Other than the unearned tally in the fifth, Brito was dominated the Dogs' in-state rivals. The right-hander threw seven innings, marking a new career-high, and fanned four with just two hits and the one walk allowed. Brito, who entered Monday with the third-fewest walks per nine in the league with a 1.31 mark, now has allowed just 12 walks in 82 2/3 innings this season. He has not walked more than one hitter in any of his first 19 appearances of the season, and has issued just 23 free passes in 145 1/3 career innings.

 

Carlos Espinal relieved Brito in the eighth and fired three innings of one-run ball, allowing just two hits and fanning four. The victory marked the 11th in the last 14 games overall for the Dogs, and the third in Charleston's last four games to stretch beyond nine innings after the Holy City started the year 1-6 in extra innings.

 

Ballpark Fun

 

Just when you thought the RiverDogs couldn't get any dumber, they go and pull a theme like those in attendance experienced on Monday night. In honor of the famous film Dumb and Dumber's 25th anniversary, Charleston pulled out all the stops as part of the 'Dumbest Night of the Year' to celebrate the occasion. The players wore special jerseys that resembled the van seen in the movie, which were available as part of an online auction after the game. The Holy City staff members even got the van itself out to Riley Park for fans to see and take pictures with. It was also the second-to-last Monday Dog Day presented by Busch Light of the season, and there were water bowls, and even a kiddie pool, set up throughout the concourse to pander to man's best friend. Many fans also congregated up on the Ashley View Pub and enjoyed $1 beers and $1 hot dogs.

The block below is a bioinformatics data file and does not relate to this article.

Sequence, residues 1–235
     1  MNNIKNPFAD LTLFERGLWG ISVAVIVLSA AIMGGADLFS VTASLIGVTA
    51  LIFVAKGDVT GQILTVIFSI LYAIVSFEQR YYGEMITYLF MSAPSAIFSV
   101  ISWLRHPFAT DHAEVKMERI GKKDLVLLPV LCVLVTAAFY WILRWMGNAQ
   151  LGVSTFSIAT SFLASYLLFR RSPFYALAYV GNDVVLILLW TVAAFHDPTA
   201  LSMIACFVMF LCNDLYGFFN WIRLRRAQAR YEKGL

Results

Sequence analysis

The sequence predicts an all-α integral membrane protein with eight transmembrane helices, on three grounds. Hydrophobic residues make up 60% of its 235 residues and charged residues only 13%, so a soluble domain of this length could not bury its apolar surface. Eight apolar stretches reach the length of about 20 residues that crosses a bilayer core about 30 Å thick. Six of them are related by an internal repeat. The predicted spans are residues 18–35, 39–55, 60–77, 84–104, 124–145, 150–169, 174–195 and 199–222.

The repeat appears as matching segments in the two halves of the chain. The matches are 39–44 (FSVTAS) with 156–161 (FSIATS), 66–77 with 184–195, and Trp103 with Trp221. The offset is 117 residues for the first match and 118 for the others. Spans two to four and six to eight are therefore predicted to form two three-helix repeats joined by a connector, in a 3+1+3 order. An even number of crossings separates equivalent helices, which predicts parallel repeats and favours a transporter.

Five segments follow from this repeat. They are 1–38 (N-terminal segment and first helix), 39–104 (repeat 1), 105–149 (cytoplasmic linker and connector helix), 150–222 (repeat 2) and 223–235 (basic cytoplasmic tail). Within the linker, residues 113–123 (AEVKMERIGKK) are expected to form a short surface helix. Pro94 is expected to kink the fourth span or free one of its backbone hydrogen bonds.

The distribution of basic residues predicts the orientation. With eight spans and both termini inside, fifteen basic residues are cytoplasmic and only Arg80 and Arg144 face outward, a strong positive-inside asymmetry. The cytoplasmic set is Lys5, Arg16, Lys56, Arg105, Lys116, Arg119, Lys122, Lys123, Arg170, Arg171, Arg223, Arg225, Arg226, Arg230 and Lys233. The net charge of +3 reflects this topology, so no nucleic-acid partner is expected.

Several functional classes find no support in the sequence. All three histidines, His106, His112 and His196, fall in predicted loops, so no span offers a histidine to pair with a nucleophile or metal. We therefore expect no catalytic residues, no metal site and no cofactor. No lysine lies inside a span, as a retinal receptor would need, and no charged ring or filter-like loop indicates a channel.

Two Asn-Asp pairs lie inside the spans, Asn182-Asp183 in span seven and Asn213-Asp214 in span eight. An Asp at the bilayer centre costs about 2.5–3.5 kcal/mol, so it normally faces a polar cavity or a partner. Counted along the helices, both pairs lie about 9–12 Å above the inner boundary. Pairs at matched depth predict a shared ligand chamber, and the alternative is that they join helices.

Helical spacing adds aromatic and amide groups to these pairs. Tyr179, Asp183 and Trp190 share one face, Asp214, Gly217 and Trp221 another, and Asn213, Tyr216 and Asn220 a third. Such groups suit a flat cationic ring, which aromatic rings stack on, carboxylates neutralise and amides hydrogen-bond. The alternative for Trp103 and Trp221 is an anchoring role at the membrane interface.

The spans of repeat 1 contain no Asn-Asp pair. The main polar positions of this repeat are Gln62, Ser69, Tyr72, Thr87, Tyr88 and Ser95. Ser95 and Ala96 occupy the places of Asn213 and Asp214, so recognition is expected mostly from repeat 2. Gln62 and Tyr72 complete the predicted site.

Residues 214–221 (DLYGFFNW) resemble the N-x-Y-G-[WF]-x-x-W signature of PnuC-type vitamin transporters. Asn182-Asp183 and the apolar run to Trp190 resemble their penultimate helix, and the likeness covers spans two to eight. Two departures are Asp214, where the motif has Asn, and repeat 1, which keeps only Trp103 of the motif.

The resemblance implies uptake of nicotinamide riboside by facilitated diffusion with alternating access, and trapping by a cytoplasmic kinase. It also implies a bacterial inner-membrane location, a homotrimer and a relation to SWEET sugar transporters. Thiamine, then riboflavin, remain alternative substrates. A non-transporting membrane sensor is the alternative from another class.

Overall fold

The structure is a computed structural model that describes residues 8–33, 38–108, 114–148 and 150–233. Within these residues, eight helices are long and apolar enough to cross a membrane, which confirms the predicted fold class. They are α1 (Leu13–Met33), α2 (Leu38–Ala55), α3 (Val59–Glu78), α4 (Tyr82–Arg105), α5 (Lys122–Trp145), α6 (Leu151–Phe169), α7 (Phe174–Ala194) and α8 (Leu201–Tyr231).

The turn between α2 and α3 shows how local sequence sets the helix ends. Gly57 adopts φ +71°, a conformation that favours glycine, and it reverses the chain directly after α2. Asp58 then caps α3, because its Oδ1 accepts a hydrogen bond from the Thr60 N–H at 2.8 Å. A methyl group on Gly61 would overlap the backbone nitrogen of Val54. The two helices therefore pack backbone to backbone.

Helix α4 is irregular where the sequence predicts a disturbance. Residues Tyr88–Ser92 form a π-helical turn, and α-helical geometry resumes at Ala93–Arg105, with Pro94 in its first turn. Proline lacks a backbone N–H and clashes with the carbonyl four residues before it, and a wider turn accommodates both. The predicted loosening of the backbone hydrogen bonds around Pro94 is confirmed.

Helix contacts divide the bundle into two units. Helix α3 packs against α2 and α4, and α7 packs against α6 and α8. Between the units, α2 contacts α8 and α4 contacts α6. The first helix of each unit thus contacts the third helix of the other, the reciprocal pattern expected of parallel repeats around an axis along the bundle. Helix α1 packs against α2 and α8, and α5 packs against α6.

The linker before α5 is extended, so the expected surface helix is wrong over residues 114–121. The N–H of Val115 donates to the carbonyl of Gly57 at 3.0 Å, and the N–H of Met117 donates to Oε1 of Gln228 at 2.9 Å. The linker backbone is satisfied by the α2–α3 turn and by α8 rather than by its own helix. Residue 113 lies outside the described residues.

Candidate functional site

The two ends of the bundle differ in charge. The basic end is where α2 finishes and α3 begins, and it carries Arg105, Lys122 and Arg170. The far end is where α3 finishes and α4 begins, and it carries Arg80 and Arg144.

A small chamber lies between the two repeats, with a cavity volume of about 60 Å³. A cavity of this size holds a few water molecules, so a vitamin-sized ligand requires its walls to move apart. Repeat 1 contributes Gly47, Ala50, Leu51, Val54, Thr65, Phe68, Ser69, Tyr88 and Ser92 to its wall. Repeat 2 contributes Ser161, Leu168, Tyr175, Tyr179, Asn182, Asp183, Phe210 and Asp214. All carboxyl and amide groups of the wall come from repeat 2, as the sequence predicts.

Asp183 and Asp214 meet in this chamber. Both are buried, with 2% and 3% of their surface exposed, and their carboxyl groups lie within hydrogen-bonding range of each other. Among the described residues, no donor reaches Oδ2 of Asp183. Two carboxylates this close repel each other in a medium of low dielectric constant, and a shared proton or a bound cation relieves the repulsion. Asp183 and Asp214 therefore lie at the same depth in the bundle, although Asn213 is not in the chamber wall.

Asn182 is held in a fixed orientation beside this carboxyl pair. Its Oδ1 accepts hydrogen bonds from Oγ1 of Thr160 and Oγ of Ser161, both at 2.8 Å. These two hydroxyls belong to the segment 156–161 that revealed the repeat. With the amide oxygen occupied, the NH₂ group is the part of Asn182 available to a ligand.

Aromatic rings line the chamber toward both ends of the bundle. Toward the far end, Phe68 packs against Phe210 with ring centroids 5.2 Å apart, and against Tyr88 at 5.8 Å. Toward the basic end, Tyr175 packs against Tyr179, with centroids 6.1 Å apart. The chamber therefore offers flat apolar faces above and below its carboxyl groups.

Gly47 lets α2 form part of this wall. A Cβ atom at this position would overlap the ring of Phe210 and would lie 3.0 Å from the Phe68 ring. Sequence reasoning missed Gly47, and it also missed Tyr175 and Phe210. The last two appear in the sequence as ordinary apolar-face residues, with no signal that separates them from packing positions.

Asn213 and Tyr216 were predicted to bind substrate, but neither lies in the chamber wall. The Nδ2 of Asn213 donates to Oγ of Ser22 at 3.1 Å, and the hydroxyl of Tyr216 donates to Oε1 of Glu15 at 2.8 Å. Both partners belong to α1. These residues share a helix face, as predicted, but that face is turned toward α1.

Upcoming

 

The RiverDogs continue their brief three-game homestand with game two Tuesday night, looking to keep the momentum rolling following the walk-off win Monday evening. Right-hander Luis Medina (1-8, 6.49) will have the starting assignment, looking to continue his best stretch of the season. Since July 11, the Yankees' No. 21 overall prospect (MLB Pipeline) has thrown 23 innings and allowed just nine runs, including a pair of scoreless outings against Delmarva and Rome. Columbia will send righty Colin Holderman (3-1, 3.98) to toe the slab, who will be making his third start against the Dogs this season. In his previous two, he held the Dogs to three runs in 9 1/3 innings.

 

For those who can't make it to Riley Park, catch the game on WTMA 1250 AM in the tri-county area, online streaming on the TuneIn Radio app and on MiLB.tv with a subscription. Fans can "Make Fun" with the RiverDogs all season long down at The Joe. Single-game tickets, including options to the Riley Park Club, are available at riverdogs.com/tickets or by contacting the RiverDogs front office at 843-577-3647 (DOGS). A full schedule and list of game times for the 2019 season are available at riverdogs.com.

 

--RIVERDOGS--

 

This story was not subject to the approval of the National Association of Professional Baseball Leagues or its clubs.